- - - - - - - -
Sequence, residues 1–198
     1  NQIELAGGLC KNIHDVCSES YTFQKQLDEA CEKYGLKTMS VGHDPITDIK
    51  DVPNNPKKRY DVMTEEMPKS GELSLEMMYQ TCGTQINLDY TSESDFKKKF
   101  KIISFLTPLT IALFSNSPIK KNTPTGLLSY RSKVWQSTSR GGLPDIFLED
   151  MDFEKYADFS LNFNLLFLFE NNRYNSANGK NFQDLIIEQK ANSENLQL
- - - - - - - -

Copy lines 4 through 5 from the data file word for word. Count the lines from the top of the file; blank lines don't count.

   101  KIISFLTPLT IALFSNSPIK KNTPTGLLSY RSKVWQSTSR GGLPDIFLED
   151  MDFEKYADFS LNFNLLFLFE NNRYNSANGK NFQDLIIEQK ANSENLQL